Cloud Security, Container Security, Web Application Security

Signal Sciences Launches Next-Gen WAF Support for Envoy

Brendon Macaraeg

Brendon Macaraeg is Director of Product Marketing at Signal Sciences. Previously with CrowdStrike and Symantec, he focused on evangelizing and marketing security offerings. Outside of work, Brendon keeps busy with his wife and kids enjoying outdoor activities.


August 6, 2019 - Today we’re excited to announce the general availability of support for Envoy. Signal Sciences is the first next-gen WAF to provide Layer 7 protection for Envoy-routed microservices architectures, with no code changes required. This new integration further validates our ability to protect our customers’ apps, APIs and microservices, wherever they run them.  

Envoy, commonly used as part of a service mesh deployed in Kubernetes, is an open-source edge and service network proxy helping organizations achieve greater scale by moving from monolithic to microservices-based application architectures. Signal Sciences Envoy integration empowers fast-moving development and DevOps teams to continually innovate without introducing new security risks.

With our Envoy integration, Signal Sciences next-gen WAF protects north-south and east-west traffic between microservices against application layer attacks. Now customers have even greater flexibility in how our next-gen WAF can be deployed at the edge or on the workload.

Continue reading below to find out more about how Signal Sciences integrates with Envoy and the benefits to DevOps teams.

Flexible deployment to protect apps and microservices with Layer 7 visibility 

When acting as a Front Proxy, Envoy load balances public north-south traffic from the Internet—that’s HTTP traffic that needs to be protected against layer seven attacks. Customers can also route east-west traffic between internal services to Envoy to handle traffic between services through this Front Proxy. Compare this to traditional WAFs that stop at the edge and do not provide east-west Layer 7 protection.

If you’re familiar with Signal Sciences architecture, you’re aware of our patented module-agent software pair. The module forwards requests to the agent, which performs detection and decisioning on the web requests it inspects. The benefit of this split approach is that Signal Sciences is fail-open, which is important to gain credibility as a security service with DevOps and operations teams.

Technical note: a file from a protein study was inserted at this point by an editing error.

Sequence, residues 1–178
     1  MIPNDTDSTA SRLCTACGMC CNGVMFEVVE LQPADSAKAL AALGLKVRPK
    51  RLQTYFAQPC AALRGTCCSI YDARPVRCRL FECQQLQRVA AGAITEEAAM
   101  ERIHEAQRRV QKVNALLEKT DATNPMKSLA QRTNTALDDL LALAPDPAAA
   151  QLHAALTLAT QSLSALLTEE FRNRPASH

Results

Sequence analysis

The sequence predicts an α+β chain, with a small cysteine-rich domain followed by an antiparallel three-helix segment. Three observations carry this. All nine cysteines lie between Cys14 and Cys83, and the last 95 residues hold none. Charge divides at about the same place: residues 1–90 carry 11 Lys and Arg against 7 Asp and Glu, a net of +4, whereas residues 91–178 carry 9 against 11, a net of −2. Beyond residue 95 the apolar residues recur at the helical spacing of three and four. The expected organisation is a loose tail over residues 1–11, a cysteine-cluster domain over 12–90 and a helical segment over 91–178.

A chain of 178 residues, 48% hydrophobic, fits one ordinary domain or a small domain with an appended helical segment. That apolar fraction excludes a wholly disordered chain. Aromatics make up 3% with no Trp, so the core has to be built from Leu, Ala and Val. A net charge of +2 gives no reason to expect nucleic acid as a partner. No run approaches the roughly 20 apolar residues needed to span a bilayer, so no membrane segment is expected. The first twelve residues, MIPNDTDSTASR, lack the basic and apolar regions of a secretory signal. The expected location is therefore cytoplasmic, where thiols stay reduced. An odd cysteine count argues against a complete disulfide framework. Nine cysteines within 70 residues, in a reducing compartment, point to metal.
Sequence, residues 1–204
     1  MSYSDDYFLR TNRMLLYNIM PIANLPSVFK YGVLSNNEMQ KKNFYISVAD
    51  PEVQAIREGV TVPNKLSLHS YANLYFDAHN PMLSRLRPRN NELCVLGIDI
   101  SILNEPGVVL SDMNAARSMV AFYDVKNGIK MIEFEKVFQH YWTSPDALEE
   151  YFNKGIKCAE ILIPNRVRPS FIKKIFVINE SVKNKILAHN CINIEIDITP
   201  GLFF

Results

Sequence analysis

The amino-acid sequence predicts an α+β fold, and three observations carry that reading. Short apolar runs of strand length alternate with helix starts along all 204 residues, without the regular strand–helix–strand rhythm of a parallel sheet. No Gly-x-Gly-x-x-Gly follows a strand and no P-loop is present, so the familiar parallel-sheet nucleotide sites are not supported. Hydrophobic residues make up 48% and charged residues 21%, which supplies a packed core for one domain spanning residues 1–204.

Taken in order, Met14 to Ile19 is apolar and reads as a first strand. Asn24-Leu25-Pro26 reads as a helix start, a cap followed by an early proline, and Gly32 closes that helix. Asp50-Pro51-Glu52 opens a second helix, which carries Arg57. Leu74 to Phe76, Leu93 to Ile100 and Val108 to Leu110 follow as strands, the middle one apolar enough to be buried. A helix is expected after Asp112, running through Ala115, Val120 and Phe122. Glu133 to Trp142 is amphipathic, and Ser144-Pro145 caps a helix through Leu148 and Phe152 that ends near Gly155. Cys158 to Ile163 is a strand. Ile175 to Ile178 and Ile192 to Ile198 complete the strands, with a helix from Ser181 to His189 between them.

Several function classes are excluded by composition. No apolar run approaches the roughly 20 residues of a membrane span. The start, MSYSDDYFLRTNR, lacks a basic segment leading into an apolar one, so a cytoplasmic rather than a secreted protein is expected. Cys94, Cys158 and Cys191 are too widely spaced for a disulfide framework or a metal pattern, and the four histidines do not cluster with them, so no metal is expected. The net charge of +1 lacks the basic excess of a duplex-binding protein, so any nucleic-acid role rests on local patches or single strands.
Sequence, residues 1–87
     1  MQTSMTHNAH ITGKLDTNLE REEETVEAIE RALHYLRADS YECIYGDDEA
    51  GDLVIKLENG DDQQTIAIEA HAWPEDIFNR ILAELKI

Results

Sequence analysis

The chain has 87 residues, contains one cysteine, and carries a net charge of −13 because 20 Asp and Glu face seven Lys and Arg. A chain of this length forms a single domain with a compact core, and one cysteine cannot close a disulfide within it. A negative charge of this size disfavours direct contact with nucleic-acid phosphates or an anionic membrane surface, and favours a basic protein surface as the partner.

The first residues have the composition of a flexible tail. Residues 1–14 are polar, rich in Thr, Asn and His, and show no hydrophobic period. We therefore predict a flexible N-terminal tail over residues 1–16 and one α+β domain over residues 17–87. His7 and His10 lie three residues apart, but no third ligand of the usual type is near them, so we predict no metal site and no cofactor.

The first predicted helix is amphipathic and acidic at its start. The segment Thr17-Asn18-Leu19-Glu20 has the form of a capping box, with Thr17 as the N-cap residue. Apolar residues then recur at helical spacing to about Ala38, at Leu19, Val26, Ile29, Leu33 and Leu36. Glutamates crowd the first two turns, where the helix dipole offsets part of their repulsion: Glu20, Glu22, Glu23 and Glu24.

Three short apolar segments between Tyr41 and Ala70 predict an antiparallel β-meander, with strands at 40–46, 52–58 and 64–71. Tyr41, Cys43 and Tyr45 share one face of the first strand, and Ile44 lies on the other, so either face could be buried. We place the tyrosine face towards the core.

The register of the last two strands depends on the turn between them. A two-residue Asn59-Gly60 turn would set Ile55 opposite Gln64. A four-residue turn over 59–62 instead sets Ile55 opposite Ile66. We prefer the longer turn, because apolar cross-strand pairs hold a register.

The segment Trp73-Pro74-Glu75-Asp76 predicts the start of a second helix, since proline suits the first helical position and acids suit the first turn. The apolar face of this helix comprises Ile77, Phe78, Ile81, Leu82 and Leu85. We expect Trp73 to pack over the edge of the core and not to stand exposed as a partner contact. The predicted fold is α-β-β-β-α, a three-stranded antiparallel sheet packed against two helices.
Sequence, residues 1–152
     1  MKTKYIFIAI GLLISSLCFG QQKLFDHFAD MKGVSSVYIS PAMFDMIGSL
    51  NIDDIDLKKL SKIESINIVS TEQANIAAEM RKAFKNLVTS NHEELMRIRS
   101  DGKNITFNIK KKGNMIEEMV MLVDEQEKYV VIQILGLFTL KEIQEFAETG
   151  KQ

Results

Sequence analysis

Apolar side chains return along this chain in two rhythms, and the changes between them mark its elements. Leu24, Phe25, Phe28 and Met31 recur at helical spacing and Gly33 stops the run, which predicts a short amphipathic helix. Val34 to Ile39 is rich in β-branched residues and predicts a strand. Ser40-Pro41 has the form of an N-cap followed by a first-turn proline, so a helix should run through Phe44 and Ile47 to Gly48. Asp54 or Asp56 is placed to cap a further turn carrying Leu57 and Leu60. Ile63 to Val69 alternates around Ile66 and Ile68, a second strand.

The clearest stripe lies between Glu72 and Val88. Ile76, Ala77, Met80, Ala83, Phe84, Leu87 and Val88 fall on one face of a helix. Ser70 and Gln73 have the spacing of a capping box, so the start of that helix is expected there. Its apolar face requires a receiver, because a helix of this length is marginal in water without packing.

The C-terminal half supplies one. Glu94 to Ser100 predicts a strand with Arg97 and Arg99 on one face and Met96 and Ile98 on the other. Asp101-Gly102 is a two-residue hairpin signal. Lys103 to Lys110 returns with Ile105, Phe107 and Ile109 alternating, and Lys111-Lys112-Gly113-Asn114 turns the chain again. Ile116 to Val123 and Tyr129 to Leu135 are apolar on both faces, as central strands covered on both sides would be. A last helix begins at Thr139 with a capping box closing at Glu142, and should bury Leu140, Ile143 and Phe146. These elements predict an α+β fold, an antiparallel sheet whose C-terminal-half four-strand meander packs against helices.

Our engineering team worked with the Envoy maintainers to build Signal Sciences into the the project so that Envoy acts as the “module” forwarding requests to our agent.

 Signal Sciences Envoy Architecture 

This flexible deployment enables DevOps teams to instrument web layer protection on microservice workloads of various flavors and technologies, without code changes, unlike competitive RASP solutions that require the extra coding work and associated overhead.  

Our Envoy support also provides development and DevOps teams with security and operational insights into their microservice traffic that legacy WAFs weren’t designed to address.

Securing Web Services Running Behind Envoy

By deploying Signal Sciences on Envoy at the edge, all services running behind Envoy are protected. Unlike a traditional WAF that requires defined rulesets for each service, application or API behind the WAF, Signal Sciences SmartParse technology detects malicious payloads dynamically without any rule matching. For further context, you can read our Detection and Blocking white paper on how we do this so that 95% of our customers trust us to run in blocking mode. Our architecture provides scalability that is orders of magnitude greater than individually tuning rulesets for “n” number of services and applications deployed behind the proxy.

We’re excited to see Envoy adoption progresses with our customers—and we'll  be right there with them providing advanced application security.

If you’d like to learn more about how Signal Sciences can enhance the security of your apps, microservices and APIs, request a demo!

Photo by Zara Walker on Unsplash